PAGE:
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Moscow bans gay pride for 100 years

Russian gay activist Nikolay Alekseev will take fight to hold pride parades in capital city to European Court of Human Rights
Nikolay Alekseev at Moscow pride in 2006

Moscow has refused to allow LGBT activists to hold pride parades in the Russian capital for the next century.

The Tverskoy district court had previously banned public events that qualified as gay parades from March 2012 to May 2112.

In defiance, leading gay activist Nikolay Alekseev claimed to have found a loophole in Russian legislation and submitted requests for gay pride parades for the next 100 years to the Moscow Mayor’s office.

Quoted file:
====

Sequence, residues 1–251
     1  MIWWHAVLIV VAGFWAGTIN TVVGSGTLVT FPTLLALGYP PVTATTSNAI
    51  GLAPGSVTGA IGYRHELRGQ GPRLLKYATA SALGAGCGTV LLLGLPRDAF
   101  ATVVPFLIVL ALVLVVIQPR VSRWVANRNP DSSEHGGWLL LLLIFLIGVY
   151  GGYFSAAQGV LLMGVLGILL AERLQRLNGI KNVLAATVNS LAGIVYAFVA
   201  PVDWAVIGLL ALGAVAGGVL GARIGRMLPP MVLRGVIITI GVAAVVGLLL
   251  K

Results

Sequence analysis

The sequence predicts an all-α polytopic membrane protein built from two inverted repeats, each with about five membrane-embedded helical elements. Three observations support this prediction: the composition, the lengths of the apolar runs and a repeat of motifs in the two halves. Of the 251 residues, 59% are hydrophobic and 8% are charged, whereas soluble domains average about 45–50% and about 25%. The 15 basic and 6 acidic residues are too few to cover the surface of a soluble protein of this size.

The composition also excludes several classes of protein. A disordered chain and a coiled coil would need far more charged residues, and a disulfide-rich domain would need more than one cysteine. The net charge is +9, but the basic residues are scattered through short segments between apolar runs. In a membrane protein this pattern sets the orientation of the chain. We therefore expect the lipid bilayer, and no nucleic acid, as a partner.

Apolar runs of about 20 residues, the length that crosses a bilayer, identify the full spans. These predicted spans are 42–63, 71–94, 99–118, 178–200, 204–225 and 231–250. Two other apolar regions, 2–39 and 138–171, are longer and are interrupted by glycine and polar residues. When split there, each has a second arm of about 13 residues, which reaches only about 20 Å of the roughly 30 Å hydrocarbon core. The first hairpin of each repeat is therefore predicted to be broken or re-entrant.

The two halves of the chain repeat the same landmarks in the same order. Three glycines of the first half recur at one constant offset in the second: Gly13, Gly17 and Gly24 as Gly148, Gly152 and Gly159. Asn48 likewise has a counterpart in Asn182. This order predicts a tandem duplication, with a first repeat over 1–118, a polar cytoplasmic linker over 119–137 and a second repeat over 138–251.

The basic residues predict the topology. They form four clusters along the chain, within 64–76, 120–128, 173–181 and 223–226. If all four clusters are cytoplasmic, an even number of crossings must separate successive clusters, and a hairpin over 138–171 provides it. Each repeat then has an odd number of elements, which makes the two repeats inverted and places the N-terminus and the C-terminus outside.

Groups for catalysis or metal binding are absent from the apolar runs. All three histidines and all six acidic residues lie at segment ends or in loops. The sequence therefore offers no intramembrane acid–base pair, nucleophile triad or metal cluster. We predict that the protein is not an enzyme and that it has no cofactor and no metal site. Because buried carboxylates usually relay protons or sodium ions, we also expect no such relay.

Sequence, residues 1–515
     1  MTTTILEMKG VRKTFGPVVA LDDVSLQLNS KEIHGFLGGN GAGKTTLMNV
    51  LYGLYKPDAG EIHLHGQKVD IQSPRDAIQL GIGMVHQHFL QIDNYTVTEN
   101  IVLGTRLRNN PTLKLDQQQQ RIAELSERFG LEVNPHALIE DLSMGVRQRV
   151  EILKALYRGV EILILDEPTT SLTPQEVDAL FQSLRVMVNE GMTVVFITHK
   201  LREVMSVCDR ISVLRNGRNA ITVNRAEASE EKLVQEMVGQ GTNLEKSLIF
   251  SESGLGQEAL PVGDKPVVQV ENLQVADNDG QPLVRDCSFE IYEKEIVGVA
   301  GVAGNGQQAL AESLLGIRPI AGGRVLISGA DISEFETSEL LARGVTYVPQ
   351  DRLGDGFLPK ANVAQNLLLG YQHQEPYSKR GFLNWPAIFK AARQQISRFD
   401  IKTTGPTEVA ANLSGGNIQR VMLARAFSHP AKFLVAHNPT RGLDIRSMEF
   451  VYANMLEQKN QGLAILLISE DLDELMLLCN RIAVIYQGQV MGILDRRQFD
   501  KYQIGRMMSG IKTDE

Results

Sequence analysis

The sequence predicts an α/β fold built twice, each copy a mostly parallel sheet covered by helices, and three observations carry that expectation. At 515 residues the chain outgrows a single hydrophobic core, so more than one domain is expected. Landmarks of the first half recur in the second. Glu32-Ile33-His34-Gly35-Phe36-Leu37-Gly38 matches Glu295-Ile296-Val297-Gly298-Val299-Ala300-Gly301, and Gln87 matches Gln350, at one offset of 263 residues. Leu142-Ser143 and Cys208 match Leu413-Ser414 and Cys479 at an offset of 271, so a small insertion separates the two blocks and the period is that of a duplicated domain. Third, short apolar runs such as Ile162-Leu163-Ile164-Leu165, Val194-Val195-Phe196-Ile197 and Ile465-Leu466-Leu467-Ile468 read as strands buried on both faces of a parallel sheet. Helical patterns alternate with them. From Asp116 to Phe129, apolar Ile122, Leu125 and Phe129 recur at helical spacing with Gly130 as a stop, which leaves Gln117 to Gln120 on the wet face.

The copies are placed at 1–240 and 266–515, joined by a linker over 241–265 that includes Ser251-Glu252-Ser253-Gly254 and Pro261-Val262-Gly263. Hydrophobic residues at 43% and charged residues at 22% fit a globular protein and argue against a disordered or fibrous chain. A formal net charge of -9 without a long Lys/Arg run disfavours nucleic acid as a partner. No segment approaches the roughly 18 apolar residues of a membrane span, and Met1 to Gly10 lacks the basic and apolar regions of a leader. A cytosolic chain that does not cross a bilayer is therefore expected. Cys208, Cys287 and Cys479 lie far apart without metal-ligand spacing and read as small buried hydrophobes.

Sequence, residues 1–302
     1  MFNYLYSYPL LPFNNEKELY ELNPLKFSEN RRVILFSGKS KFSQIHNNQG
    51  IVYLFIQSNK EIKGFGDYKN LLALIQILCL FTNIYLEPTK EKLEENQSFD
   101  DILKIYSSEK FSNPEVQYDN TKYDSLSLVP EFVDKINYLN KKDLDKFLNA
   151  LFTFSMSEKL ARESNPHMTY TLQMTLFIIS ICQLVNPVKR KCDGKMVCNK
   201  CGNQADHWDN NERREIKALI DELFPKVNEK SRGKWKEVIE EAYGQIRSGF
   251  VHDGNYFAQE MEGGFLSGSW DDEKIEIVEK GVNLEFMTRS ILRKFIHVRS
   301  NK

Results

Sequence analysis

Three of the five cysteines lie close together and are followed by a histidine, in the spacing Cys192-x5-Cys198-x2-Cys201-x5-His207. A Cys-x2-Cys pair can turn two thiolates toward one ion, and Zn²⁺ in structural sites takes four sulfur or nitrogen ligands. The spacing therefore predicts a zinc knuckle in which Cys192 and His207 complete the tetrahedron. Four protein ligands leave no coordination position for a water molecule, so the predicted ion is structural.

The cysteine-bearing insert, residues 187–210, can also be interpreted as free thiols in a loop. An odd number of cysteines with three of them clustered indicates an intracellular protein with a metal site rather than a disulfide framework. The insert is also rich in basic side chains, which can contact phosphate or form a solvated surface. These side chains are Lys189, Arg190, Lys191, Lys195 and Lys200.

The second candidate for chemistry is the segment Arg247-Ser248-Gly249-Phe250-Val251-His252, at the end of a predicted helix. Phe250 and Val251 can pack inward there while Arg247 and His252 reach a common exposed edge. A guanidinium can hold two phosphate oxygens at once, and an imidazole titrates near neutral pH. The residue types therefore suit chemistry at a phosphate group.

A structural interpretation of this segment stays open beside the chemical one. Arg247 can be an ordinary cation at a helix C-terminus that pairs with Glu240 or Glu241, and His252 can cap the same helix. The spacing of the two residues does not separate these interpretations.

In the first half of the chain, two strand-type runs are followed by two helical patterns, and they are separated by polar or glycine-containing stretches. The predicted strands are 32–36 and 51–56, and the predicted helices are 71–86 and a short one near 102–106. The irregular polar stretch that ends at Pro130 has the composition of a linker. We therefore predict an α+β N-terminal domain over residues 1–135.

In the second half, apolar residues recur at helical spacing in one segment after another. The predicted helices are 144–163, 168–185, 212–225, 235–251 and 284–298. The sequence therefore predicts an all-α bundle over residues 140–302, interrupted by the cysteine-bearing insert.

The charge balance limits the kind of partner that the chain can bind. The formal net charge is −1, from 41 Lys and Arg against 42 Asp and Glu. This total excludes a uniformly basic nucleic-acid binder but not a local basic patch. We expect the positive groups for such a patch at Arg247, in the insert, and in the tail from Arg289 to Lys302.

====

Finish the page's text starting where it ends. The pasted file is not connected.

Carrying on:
But the Moscow city court has now upheld the refusal of Alekseev's requests.

It's a decision which he claims was not unexpected and he plans to first appeal to the high courts in Russia and, failing that, he will take his case to the European Court of Human Rights.

'We wanted to see the reaction so we could show the European Court of Human Rights that it’s not just past events which are banned illegally but also the future events,' he told Gay Star News.

He added: 'It was a way for us to show the absurdity of the system for gaining permission for public events.'

Gay rights group Stonewall has condemned the ban.

‘It’s a matter of grave concern that Moscow’s municipal government has again marginalized the city’s gay community,' said Stonewall international officer Jasmine O’Connor.

'It’s another sign of the dire situation for Russia’s 8.5 million lesbian, gay and bisexual people, whose human rights are routinely abused by the government and police.

'We’ll continue to press the British government to do all it can to confront homophobic human rights abuses worldwide.’

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